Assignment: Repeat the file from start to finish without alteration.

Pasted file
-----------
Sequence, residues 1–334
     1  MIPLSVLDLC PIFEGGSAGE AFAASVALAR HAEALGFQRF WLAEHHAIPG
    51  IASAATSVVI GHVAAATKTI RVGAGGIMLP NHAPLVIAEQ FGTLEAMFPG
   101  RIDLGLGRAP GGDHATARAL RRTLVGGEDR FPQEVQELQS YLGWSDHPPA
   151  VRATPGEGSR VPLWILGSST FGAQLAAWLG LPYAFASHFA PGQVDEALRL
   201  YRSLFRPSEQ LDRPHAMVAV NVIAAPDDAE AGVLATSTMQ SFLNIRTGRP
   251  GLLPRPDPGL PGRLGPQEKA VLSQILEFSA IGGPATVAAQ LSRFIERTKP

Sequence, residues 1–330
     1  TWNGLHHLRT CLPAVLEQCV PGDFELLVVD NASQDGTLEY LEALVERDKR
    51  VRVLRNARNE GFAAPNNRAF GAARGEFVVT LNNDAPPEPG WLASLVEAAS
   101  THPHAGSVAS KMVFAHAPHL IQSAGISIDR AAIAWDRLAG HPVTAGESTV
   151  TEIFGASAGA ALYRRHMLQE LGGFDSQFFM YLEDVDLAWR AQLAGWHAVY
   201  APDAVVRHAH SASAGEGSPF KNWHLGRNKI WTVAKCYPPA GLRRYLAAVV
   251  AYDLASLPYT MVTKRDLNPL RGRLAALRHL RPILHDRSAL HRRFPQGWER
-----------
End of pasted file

Sequence, residues 1–334
     1  MIPLSVLDLC PIFEGGSAGE AFAASVALAR HAEALGFQRF WLAEHHAIPG
    51  IASAATSVVI GHVAAATKTI RVGAGGIMLP NHAPLVIAEQ FGTLEAMFPG
   101  RIDLGLGRAP GGDHATARAL RRTLVGGEDR FPQEVQELQS YLGWSDHPPA
   151  VRATPGEGSR VPLWILGSST FGAQLAAWLG LPYAFASHFA PGQVDEALRL
   201  YRSLFRPSEQ LDRPHAMVAV NVIAAPDDAE AGVLATSTMQ SFLNIRTGRP
   251  GLLPRPDPGL PGRLGPQEKA VLSQILEFSA IGGPATVAAQ LSRFIERTKP

Sequence, residues 1–330
     1  TWNGLHHLRT CLPAVLEQCV PGDFELLVVD NASQDGTLEY LEALVERDKR
    51  VRVLRNARNE GFAAPNNRAF GAARGEFVVT LNNDAPPEPG WLASLVEAAS
   101  THPHAGSVAS KMVFAHAPHL IQSAGISIDR AAIAWDRLAG HPVTAGESTV
   151  TEIFGASAGA ALYRRHMLQE LGGFDSQFFM YLEDVDLAWR AQLAGWHAVY
   201  APDAVVRHAH SASAGEGSPF KNWHLGRNKI WTVAKCYPPA GLRRYLAAVV
   251  AYDLASLPYT MVTKRDLNPL RGRLAALRHL RPILHDRSAL HRRFPQGWER